FIGURES 9 and 10 show the data for the 0201s from the laboratory for comparison with data in Figures 3 and 4 generated on the assembler’s production line. The assembly line and laboratory both produced prints with CVs of approximately 6%. The volume readings on the line were higher than those in the lab. This could possibly be due to the difference in SPI machines or the difference in printers. As with the previous 0201 data, the volumes are similar because the apertures are similar.
FIGURES 11 and 12 show the data for the 0402s from the laboratory, for comparison with data in Figures 5 and 6 generated on the assembler’s production line. As with the 0201s, the CVs of the two processes are very close. And again, the mean of the volumes is lower for the lab than the assembly line.
The 0.5mm BGA, the finest feature to be compared, showed far less variation in the laboratory than on the assembly line. CVs for both aperture designs were acceptable. However, the distribution is much tighter for the BAE aperture (squircle) than for the POR one (round).
Considering this a viable dataset based on its CV of ~10%, the BAE aperture (squircle) is strongly preferred. Similar to the assembly line tests, it has fewer outliers than the POR, which produces many more insufficients. Also similar to the assembly line tests, the POR averages higher volumes. Similar to the comparisons of the 0201s and 0402s, the average volumes measured in the lab were lower than those measured on the line.
In an overall comparison of the datasets for 0402, 0201 and 0.5mm BGA, the assembly line readings were consistently higher. The variations however were consistent, as were the main effects. A direct statistical correlation cannot be established, but the trends are consistent.
Next, a follow-up run with two potential replacement solder pastes were printed in the laboratory using the same stencils with cured-on coatings. Because the 0.5mm BGA and 0201s printed better with a 4 mil foil, and the foil thickness had no impact on print quality for 0402s, only the 4 mil foils were print tested.
Newer SnPb or backwards-compatible Pb-free flux with SnPb powder? Two solder paste “upgrade” options are available to the assembler:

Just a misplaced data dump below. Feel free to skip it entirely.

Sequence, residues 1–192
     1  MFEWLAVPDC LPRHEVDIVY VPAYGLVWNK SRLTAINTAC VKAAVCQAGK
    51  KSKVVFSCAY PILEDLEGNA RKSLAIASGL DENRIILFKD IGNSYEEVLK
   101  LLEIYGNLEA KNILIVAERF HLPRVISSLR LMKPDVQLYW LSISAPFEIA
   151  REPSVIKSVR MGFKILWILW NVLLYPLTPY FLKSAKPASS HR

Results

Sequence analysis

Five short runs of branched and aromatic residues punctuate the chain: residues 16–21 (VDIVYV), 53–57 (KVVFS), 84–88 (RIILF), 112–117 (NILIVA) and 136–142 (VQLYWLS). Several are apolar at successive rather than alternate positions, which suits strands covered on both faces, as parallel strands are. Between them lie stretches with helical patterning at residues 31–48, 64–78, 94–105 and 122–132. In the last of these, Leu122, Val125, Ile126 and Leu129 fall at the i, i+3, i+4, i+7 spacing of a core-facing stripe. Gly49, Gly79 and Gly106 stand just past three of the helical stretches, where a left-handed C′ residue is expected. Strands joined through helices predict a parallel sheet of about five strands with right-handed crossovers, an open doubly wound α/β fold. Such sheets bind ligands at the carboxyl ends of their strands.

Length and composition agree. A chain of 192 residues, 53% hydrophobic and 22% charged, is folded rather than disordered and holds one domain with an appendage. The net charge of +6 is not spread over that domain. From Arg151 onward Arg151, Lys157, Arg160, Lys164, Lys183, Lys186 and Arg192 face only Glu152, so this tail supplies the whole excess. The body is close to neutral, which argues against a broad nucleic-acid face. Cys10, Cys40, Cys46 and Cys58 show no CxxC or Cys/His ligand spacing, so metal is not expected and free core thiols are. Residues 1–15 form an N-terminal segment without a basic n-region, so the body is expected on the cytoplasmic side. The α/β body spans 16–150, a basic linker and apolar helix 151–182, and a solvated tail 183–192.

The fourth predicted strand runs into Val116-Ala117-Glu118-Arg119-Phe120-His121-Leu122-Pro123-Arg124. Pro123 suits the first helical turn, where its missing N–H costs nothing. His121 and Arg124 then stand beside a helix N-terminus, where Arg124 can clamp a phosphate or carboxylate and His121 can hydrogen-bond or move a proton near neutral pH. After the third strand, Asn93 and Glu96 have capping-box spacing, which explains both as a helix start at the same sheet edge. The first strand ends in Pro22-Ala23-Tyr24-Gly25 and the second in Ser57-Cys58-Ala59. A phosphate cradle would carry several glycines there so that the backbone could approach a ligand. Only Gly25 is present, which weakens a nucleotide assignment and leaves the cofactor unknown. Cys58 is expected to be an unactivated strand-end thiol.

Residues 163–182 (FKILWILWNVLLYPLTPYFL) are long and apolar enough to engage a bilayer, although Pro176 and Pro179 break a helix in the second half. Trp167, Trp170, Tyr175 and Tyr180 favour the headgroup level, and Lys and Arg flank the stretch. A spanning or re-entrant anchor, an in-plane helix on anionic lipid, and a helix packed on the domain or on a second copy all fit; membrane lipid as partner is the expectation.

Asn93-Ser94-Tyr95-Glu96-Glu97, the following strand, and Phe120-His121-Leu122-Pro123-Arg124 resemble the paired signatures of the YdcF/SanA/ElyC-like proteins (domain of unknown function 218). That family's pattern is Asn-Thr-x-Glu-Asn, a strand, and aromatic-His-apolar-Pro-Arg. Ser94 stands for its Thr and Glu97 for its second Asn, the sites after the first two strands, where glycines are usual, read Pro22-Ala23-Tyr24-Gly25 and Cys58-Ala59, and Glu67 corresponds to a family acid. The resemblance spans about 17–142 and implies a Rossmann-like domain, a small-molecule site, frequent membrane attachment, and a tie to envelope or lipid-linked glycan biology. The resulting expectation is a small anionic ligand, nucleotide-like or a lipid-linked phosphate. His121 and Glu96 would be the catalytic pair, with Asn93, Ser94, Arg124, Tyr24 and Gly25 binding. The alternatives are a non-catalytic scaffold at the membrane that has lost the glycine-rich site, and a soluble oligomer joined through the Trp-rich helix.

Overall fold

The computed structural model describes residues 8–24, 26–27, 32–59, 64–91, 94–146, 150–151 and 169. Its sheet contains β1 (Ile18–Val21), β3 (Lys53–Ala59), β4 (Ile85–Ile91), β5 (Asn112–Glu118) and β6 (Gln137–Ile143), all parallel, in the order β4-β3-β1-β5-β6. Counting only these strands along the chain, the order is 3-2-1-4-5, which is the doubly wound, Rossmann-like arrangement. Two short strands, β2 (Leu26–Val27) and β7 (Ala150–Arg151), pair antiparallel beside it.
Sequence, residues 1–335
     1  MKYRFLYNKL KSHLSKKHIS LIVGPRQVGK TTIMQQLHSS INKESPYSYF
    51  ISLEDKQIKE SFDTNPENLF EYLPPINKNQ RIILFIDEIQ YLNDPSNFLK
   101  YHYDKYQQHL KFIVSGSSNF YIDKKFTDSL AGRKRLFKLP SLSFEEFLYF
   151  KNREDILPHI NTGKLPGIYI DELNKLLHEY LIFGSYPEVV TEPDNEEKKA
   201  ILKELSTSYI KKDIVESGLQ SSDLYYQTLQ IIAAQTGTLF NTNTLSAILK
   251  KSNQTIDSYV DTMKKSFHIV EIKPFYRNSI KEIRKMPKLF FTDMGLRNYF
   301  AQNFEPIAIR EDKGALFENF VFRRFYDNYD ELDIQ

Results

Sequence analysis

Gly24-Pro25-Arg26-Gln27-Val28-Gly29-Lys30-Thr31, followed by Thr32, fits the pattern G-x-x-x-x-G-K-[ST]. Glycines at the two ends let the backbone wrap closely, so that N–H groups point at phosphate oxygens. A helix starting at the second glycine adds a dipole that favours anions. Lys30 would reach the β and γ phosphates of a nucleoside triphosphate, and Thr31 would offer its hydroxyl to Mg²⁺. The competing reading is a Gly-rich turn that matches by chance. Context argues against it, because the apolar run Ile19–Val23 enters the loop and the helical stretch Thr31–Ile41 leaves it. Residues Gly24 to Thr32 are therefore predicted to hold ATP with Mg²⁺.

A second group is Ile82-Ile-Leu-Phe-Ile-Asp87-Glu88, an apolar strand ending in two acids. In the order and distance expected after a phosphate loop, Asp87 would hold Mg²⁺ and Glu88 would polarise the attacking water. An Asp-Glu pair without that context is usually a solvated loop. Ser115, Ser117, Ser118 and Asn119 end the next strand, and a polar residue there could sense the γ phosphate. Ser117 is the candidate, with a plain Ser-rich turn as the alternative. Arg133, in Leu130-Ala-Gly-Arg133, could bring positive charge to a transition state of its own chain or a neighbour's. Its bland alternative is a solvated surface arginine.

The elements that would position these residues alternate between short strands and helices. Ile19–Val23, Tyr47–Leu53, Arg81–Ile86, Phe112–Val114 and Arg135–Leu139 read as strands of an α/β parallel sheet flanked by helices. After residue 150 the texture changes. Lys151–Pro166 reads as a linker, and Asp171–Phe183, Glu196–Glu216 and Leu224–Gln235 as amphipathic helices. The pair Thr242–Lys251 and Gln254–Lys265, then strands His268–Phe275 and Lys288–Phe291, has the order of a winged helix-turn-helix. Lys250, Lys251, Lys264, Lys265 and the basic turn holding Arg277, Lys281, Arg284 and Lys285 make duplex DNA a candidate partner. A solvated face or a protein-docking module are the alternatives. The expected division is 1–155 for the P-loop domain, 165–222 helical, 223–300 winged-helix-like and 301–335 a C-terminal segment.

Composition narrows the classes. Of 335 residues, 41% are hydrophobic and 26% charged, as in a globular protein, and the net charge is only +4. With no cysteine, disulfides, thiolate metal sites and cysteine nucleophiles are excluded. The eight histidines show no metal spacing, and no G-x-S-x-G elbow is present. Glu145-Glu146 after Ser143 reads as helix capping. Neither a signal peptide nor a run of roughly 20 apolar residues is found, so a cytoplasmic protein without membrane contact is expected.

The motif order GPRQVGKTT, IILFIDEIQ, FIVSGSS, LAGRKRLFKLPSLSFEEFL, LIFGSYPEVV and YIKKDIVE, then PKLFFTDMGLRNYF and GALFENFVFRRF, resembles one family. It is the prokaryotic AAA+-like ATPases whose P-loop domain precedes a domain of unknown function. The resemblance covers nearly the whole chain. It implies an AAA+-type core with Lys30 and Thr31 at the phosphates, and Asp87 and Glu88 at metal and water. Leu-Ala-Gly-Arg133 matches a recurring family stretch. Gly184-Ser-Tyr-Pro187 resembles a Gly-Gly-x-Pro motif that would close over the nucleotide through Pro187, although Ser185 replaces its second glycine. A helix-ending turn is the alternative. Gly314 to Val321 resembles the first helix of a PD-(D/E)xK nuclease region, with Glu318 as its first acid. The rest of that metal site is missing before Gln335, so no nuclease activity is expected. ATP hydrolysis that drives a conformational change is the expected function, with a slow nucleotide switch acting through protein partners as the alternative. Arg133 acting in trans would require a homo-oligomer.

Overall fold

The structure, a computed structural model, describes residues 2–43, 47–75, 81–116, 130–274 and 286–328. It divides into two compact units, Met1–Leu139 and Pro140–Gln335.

Both were print tested in the laboratory. The results are shown in FIGURES 14 to 16.
All the aperture sizes tested (0.4mm BGA and 01005 not shown) demonstrated similar trends in the data: very tight distributions with an unusually high number of outliers. Comparing the 0.5mm BGA print volumes for BAE apertures shown in Figure 16 against those in Figures 7 and 13 exemplifies the differences.
The follow-up dataset printed in the laboratory – the newer SnPb and Pb-free/backwards-compatible solder pastes – was on a new lot of test boards. Subsequent investigation of the boards revealed the solder mask was higher than the pads, creating contact and gasketing problems between the stencil and pad. This provides a highly plausible explanation for the atypical distribution of the volume data. An example of solder mask higher than the PCB pad is shown in FIGURE 17.
Additionally, between the original print tests and the final set on the newer solder pastes, the SPI in the laboratory was upgraded to a Koh Young Aspire 3 with 10μm resolution and four 12MP cameras. It is faster and more accurate than the earlier model used in the main part of the laboratory study. There is little likelihood that the new machine contributed to the different distribution trends, however, other than measuring them more accurately than its predecessor.
The last two datasets for the newer solder pastes showed extremely good repeatability, despite the print deficit of solder mask above the pads on the second set of test PCBs.
If each print process is evaluated using criteria based on CVs, where less than 10% is considered capable, 10 to 15% is considered marginal, and over 15% is considered not capable, performance can be easily categorized.
On the assembler’s line using the current SnPb solder paste, this test showed the process was completely capable of printing 0201 and 0402 components, preferably with a 4 mil nanocoated foil to help get sufficient release on the 0201s. It also showed a borderline marginal/incapable CV of 15.4% on 0.5mm BGAs with the POR aperture only, and complete incapability on smaller components. Again, it should be noted the capabilities will improve on less densely populated production PCBs, as this test layout is designed to stress solder paste.